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Life and work of Louise Henderson explored in new exhibition

Contributor:
Fuseworks Media
Fuseworks Media

Louise Henderson: From Life is the first major survey of work by French-born, New Zealand artist Louise Henderson (1902-1994) and opens at Auckland Art Gallery Toi o Tāmaki on Saturday 2 November. Featuring work from across Henderson’s seven-decade career, the exhibition traces the development of the artist’s bold and colourful abstract style.

In 1925, Henderson emigrated to Christchurch to join her husband, a New Zealander, and quickly established herself as a central figure in the local art scene. She would go on to work alongside major figures including Rita Angus, John Weeks, Colin McCahon and Milan Mrkusich. Henderson was one of the first New Zealand artists to commit herself to an overtly modern style, but despite her prominence there has been no comprehensive survey of her work until now.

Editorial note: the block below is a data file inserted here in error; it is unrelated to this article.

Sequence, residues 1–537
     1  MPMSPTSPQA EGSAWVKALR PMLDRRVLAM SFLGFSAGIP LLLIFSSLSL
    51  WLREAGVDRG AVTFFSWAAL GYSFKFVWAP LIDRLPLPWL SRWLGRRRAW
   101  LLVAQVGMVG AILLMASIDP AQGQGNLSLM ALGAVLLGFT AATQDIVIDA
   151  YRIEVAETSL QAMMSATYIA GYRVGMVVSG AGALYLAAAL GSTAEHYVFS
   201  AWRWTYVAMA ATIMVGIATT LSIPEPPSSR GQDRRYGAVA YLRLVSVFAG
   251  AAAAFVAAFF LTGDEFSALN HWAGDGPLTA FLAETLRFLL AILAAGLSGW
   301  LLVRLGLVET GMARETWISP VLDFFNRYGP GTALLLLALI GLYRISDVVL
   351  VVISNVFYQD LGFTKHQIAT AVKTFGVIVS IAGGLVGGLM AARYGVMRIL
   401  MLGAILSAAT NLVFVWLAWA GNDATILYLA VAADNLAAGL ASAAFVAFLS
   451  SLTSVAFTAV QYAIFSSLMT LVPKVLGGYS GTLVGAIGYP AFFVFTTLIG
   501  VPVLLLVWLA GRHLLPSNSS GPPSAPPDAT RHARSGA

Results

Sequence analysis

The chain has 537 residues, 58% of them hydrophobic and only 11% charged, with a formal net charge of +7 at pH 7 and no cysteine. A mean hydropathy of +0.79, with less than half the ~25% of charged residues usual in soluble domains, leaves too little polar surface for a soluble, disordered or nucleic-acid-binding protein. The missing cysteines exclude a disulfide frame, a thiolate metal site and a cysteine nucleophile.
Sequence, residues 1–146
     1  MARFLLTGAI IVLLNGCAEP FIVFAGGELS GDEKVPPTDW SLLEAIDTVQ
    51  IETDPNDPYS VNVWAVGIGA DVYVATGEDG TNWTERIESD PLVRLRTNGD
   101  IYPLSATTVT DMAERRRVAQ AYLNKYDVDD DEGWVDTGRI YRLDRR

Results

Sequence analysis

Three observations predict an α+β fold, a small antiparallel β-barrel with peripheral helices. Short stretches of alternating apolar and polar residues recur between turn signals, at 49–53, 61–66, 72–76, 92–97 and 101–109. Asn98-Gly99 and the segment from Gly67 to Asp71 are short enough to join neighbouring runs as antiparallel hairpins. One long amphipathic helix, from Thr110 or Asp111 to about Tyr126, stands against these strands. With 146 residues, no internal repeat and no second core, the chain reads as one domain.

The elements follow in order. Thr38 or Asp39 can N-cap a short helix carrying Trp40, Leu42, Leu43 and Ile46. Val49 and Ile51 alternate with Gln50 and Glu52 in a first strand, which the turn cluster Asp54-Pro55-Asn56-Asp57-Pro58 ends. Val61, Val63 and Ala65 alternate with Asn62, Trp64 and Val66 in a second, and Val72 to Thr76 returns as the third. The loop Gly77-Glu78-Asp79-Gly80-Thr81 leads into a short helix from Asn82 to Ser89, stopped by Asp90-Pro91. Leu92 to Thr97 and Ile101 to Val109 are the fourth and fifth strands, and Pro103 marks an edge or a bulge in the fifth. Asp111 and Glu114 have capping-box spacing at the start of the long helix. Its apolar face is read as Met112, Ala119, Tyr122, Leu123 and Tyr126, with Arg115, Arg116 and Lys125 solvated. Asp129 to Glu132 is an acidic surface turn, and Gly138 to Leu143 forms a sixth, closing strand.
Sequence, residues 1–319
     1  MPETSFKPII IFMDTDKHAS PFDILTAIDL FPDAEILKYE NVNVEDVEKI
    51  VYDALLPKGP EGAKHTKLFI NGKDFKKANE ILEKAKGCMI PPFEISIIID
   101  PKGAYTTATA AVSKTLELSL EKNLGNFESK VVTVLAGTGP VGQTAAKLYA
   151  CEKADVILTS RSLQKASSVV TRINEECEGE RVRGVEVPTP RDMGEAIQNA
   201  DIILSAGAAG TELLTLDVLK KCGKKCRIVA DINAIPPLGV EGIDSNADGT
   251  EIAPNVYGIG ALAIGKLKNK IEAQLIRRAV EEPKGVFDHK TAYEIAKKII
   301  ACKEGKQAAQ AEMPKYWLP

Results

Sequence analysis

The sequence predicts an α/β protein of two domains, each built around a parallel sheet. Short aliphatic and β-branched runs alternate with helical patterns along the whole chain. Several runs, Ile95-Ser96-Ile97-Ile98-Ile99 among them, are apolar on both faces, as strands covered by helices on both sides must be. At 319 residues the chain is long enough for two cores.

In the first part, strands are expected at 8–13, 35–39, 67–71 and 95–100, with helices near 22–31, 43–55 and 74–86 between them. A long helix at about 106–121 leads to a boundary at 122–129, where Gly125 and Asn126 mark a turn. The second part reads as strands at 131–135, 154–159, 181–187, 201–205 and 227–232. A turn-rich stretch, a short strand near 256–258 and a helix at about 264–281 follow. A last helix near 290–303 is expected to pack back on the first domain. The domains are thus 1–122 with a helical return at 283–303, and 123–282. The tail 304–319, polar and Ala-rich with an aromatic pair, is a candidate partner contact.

Louise Henderson: From Life reappraises Henderson’s remarkable and complex practice, exploring the evolution of her art and the periods she spent working in Paris, Christchurch, Wellington, Auckland and the Middle East.

The exhibition includes early watercolours of the Canterbury landscape, abstracted still-life compositions, sensuous Cubist representations of the female figure and lyrical explorations of the New Zealand bush. It culminates with the monumental series The Twelve Months, an ambitious undertaking that Henderson completed when she was 85 years old.

In 1993, Henderson was recognised for her services to art and appointed a Dame Commander of the Order of the British Empire.

Auckland Art Gallery Toi o Tāmaki director Kirsten Paisley says: ‘Louise Henderson cuts a unique path through New Zealand’s art history. With her vitality and restless creative spirit, Henderson produced an outstanding and rich body of work. This exhibition will show the strength and continuity of her vision, and will leave a younger generation of artists with a new appreciation for her energy and creativity.’

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